Epigenetics

chlamybubbles

(Ilkka)

How does non-genetic change affect evolutionary responses? Can short-term epigenetic responses tell us anything about the genetic changes that are likely to occur during evolution? 

What is the role of epigenetics in evolutionary adaptation?

First of all, what is epigenetics? In modern terms epigenetics can be defined as changes in gene transcription through modulation of chromatin, which are not brought about by changes in DNA sequence. These changes can be chemical modification of DNA by methylation or its associated histone proteins by different modifications. These changes can be inherited to daughter cells and sometimes even across generations.

We now know that epigenetic mechanisms are behind many phenomena, such as parental imprinting and regulation of gene expression based some environmental cues. It seems that some epigenetic phenomena can function as a cellular memory within individuals life time. It has been also claimed that sometimes epigenetic changes can be inherited across generations and while some of these examples are somewhat controversial it is now clear that this can happen. However, the extent of epigenetic inheritance is poorly understood at the moment.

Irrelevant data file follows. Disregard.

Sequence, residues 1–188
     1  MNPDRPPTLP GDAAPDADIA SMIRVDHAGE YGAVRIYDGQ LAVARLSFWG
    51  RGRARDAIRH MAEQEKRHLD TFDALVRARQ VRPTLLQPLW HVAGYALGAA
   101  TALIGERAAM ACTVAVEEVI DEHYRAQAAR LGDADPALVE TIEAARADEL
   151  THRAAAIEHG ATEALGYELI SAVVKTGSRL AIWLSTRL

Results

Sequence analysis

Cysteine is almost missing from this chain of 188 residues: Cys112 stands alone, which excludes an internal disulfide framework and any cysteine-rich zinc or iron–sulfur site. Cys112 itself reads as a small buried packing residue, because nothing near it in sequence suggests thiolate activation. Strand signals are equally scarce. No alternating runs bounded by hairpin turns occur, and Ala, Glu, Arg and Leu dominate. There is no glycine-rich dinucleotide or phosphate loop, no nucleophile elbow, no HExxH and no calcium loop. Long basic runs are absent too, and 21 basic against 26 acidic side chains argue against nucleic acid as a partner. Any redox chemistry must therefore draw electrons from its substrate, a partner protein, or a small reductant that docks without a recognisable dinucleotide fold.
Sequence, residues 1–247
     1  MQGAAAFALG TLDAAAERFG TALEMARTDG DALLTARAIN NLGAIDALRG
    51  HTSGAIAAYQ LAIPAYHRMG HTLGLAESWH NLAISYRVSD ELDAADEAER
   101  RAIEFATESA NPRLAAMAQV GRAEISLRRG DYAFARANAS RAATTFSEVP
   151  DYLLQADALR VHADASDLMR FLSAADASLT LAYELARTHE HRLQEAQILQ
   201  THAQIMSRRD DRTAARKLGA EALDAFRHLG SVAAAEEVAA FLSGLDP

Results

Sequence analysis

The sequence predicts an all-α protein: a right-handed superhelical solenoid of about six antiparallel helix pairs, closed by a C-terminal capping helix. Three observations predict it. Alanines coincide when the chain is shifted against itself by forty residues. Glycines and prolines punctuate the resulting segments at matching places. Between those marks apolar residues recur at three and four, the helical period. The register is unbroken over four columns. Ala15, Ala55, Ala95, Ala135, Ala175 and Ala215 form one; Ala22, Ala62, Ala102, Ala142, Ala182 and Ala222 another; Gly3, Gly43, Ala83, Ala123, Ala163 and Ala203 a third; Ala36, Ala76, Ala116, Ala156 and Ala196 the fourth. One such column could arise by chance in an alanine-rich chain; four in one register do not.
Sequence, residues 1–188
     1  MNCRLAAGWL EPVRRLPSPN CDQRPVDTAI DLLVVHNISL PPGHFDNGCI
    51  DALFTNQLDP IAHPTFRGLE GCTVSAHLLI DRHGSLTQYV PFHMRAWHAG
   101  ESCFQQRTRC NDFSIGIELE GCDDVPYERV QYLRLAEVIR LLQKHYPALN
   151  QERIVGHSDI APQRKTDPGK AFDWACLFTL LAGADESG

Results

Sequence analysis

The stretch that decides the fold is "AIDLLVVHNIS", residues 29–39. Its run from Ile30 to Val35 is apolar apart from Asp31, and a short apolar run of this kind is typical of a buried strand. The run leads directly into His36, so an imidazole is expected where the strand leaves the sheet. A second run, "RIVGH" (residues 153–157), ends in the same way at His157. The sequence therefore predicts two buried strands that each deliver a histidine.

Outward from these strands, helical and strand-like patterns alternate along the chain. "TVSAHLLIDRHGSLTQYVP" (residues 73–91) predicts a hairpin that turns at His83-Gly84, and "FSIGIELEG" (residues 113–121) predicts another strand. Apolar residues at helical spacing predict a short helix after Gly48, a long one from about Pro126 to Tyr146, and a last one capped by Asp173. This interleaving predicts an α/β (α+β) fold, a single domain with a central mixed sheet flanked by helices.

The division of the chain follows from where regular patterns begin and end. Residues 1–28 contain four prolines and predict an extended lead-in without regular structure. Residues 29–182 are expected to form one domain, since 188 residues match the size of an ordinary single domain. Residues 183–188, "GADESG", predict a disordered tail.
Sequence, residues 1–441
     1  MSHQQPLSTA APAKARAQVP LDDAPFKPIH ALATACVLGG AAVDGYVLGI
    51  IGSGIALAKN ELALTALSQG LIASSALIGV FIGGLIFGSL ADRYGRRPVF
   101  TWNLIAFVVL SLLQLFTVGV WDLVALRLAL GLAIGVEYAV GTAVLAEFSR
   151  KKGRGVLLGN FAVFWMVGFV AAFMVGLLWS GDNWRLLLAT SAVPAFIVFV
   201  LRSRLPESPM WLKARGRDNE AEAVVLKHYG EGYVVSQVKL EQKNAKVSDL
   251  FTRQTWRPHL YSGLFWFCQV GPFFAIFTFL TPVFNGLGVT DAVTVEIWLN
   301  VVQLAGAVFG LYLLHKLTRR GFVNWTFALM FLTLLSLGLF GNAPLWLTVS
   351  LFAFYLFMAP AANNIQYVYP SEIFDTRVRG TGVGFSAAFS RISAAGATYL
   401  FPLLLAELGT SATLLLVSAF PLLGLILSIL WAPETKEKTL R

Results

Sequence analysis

It has been claimed that the existence epigenetic phenomena is of great importance to evolutionary theory. There are different ways in which we can imagine epigenetic effects to influence evolutionary outcomes. First, we could think that there are two different mutation systems present, the genetic and the epigenetic system. Presumably these systems have different properties and this could influence the rate and outcome of adaptation. Other way of thinking about epigenetics is that  this system is closely related to phenotypic plasticity and epigenetics could in theory allow the inheritance of acquired gene expression states that are induced by the environment. However, empirical understanding lacks far behind as to what, if any, implications epigenetics has for evolution.

In this project we investigating the questions: How does non-genetic change affect evolutionary responses? Can short-term epigenetic responses tell us anything about the genetic changes that are likely to occur during evolution? We are addressing these questions using both theoretical and empirical approaches.

We make theoretical models where we incorporate epigenetics to understand how epigenetics influences adaptation. Models are also important to generate predictions that we can test empirically. For empirical tests we use the single celled algae Chlamydomonas reinhardtii. We are running experiments to see how changing to epigenetic capabilities of the algae influences its ability to adapt to novel environments.

Publications from the project:

  • Filipposes paper in PloS One